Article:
The book's subtitle is "Why Our Universe is Just Right for Life" yet he fails to answer the "why" question. In his own words, in the last paragraph of the book, he writes: "So, how come existence? At the end of the day, all the approaches I have discussed are likely to prove unsatisfactory. In fact, in reviewing them they all seem to me to be either ridiculous or hopelessly inadequate: a unique universe that just happens to permit life by a fluke; a stupendous number of alternative parallel universes that exist for no reason; a preexisting God who is somehow self-explanatory; or a self-creating, self-explaining, self-understanding universe-with observers, entailing backward causation and teleology. Perhaps we have reached a fundamental impasse dictated by the limitations of the human intellect."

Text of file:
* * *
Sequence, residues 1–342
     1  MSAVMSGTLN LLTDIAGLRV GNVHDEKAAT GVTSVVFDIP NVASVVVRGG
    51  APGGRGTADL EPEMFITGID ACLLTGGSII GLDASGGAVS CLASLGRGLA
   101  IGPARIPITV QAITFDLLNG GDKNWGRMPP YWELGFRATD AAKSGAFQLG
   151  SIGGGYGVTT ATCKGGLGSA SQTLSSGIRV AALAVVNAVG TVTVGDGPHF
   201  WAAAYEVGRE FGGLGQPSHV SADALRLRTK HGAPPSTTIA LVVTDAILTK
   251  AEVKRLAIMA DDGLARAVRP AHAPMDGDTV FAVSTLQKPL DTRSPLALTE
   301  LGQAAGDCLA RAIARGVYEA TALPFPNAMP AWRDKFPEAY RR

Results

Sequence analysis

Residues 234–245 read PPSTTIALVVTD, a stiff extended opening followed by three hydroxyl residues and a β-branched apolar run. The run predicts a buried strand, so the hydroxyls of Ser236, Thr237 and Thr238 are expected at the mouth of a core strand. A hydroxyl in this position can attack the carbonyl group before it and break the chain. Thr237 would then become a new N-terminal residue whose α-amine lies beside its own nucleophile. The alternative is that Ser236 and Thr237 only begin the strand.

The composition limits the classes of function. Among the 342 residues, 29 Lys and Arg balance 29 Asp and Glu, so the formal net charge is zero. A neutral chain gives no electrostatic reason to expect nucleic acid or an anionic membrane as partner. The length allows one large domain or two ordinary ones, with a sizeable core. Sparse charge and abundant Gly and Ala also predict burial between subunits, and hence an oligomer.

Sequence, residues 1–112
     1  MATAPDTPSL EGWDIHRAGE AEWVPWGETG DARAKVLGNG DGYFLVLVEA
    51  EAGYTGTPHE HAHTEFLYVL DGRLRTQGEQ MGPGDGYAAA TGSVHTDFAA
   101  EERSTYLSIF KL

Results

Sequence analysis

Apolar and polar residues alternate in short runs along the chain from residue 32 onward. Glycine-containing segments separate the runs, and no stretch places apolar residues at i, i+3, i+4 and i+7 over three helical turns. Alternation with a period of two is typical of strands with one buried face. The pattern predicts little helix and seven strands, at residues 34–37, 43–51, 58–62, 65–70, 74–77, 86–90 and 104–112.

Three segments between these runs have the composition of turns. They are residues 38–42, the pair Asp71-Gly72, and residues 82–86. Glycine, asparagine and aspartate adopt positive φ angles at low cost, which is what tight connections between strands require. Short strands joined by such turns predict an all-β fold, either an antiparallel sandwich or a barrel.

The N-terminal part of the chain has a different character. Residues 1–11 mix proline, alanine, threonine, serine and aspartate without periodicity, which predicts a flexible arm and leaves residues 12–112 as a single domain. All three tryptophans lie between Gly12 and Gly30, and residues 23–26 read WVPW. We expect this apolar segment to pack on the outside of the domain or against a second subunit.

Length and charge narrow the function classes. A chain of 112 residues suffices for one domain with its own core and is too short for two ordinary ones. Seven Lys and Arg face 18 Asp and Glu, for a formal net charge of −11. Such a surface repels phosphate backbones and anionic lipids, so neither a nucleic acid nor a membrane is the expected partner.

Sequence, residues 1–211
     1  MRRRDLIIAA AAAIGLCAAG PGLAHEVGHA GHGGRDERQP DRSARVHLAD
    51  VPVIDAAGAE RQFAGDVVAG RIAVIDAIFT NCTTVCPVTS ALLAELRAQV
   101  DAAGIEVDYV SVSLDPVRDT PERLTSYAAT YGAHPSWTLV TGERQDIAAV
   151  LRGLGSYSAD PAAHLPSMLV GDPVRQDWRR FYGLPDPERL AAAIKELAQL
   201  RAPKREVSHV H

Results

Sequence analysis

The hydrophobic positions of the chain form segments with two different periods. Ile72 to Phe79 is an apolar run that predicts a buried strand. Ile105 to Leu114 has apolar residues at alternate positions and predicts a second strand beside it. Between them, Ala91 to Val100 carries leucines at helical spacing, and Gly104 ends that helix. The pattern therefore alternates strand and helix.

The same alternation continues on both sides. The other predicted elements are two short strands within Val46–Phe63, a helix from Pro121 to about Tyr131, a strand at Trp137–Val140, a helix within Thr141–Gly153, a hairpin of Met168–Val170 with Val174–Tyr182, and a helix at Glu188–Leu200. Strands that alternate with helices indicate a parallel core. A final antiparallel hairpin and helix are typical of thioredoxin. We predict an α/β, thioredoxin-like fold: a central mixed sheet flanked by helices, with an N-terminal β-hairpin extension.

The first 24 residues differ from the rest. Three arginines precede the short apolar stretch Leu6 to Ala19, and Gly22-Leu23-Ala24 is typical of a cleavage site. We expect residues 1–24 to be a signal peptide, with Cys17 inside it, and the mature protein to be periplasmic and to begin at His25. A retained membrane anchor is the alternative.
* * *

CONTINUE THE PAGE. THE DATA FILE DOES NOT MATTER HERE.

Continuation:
Hmmm.... "...a fundamental impasse dictated by the limitations of the human intellect"?

And then Davies ends his book with this last sentence, "The whole paraphernalia of gods and laws, of space, time, and matter, of purpose and design, rationality and absurdity, meaning and mystery, may yet be swept away and replaced by revelations as yet undreamt of."

Soooo...., at the end of the day, I can't recommend Davies' book for its content or conclusion; his recognition of fine-tuning [the "goldilocks enigma"] is not unique, or new, or even early. There's certainly no "wow" in Davies' text. But it does accept the observations, and that is synergistically helpful.